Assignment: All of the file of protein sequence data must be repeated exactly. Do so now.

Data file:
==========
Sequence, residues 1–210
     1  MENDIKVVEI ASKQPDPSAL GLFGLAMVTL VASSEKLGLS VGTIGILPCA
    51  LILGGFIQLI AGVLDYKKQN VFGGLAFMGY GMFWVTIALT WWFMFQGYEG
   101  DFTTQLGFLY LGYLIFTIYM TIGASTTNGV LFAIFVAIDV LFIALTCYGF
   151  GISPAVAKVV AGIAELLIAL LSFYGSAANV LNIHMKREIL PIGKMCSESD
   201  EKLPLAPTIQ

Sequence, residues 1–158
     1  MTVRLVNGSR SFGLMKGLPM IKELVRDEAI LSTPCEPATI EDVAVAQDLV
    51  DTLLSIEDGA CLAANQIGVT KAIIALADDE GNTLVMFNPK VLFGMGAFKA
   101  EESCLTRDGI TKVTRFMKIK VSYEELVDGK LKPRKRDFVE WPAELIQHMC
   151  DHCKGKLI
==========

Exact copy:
Sequence, residues 1–210
     1  MENDIKVVEI ASKQPDPSAL GLFGLAMVTL VASSEKLGLS VGTIGILPCA
    51  LILGGFIQLI AGVLDYKKQN VFGGLAFMGY GMFWVTIALT WWFMFQGYEG
   101  DFTTQLGFLY LGYLIFTIYM TIGASTTNGV LFAIFVAIDV LFIALTCYGF
   151  GISPAVAKVV AGIAELLIAL LSFYGSAANV LNIHMKREIL PIGKMCSESD
   201  EKLPLAPTIQ

Sequence, residues 1–158
     1  MTVRLVNGSR SFGLMKGLPM IKELVRDEAI LSTPCEPATI EDVAVAQDLV
    51  DTLLSIEDGA CLAANQIGVT KAIIALADDE GNTLVMFNPK VLFGMGAFKA
   101  EESCLTRDGI TKVTRFMKIK VSYEELVDGK LKPRKRDFVE WPAELIQHMC
   151  DHCKGKLI